One of the brilliant ideas that came from the genius of Steve Jobs was to force his users to see advertising as they used his iOS.
Apparently Jobs had a vision of ad-supported operating systems in 1999.
According to MacRumours, the idea was that the user receiving free or discounted goods or services in exchange for viewing the advertisements. Steve Jobs was named as the lead inventor.
According to Ken Segall, who was Apple’s creative advertising director, Jobs wanted the idea under the bonnet of the 1999 release of Mac OS 9.
He thought that rather than charging his fanboys to receive a constant barrage of spam the wanted to ship a second version of Mac OS 9 that would be given away for free.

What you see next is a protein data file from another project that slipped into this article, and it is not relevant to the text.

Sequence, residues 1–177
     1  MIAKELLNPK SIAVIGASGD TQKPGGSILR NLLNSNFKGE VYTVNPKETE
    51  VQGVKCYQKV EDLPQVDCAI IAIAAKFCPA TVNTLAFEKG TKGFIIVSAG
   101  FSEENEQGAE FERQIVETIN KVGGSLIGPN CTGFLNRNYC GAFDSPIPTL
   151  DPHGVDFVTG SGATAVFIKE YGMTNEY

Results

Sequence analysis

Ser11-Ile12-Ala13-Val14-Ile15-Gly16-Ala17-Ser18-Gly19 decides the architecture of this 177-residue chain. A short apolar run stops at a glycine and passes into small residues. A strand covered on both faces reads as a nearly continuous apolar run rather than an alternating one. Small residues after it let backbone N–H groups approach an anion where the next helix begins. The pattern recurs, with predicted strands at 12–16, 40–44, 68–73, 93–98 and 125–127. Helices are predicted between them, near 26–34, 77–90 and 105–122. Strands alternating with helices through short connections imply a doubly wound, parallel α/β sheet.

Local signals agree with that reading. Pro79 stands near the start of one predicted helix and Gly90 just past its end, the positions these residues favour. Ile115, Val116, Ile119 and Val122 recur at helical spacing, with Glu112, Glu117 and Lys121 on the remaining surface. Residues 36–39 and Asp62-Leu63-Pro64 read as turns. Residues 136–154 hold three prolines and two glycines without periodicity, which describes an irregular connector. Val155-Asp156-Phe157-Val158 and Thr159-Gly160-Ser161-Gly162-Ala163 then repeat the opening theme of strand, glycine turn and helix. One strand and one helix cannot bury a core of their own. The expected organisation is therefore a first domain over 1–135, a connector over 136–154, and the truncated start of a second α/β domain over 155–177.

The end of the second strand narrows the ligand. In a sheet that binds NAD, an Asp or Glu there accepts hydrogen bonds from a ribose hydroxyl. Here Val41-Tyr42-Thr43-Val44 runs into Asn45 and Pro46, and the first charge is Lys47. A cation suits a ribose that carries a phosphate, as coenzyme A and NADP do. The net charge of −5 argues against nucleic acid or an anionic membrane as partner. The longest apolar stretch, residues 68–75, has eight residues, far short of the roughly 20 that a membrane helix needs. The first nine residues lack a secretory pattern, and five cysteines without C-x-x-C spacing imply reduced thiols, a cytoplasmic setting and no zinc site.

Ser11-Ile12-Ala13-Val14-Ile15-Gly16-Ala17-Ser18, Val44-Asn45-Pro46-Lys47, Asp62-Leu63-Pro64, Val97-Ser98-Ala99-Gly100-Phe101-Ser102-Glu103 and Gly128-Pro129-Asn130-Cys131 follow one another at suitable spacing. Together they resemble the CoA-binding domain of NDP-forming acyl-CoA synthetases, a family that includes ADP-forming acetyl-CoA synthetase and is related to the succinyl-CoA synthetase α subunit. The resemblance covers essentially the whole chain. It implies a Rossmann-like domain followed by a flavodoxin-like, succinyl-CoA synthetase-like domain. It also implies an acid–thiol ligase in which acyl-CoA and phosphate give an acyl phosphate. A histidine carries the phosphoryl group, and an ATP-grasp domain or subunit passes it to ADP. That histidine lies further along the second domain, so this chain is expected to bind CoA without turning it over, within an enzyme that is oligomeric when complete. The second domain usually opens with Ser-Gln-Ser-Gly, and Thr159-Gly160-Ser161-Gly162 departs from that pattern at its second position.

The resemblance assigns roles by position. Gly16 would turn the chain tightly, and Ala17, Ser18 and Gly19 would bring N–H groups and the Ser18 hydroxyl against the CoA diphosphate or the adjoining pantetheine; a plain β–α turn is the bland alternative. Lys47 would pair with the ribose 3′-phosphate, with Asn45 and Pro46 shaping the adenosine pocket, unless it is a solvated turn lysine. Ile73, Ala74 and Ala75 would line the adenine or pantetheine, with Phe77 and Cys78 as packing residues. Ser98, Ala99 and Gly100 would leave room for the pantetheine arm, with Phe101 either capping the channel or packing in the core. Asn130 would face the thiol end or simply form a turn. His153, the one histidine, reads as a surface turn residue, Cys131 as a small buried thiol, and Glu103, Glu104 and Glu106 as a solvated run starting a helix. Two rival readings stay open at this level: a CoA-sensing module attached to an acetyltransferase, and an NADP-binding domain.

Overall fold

The big idea was that some fanboys did not want to upgrade because it cost them too much. This would mean that they could upgrade without having to pay.
If an owner of the free version wanted to get rid of the advertising, he or she could simply pay for the ad-free version.
Steve’s team done all the numbers and it could have worked.
When you started up you would get a 60-second commercial from a “premium” company at startup, with the ads occasionally being automatically swapped out for new ones over the Internet.
Segall thought the idea was pants but believed Apple was going to proceed with it. Jobs and Apple ultimately decided to scrap the idea.
What is a little strange is that, although the idea was scrapped, it was patented in 2008 nearly nine years after Jobs’ lept from his bath screaming Eureka, Eureka.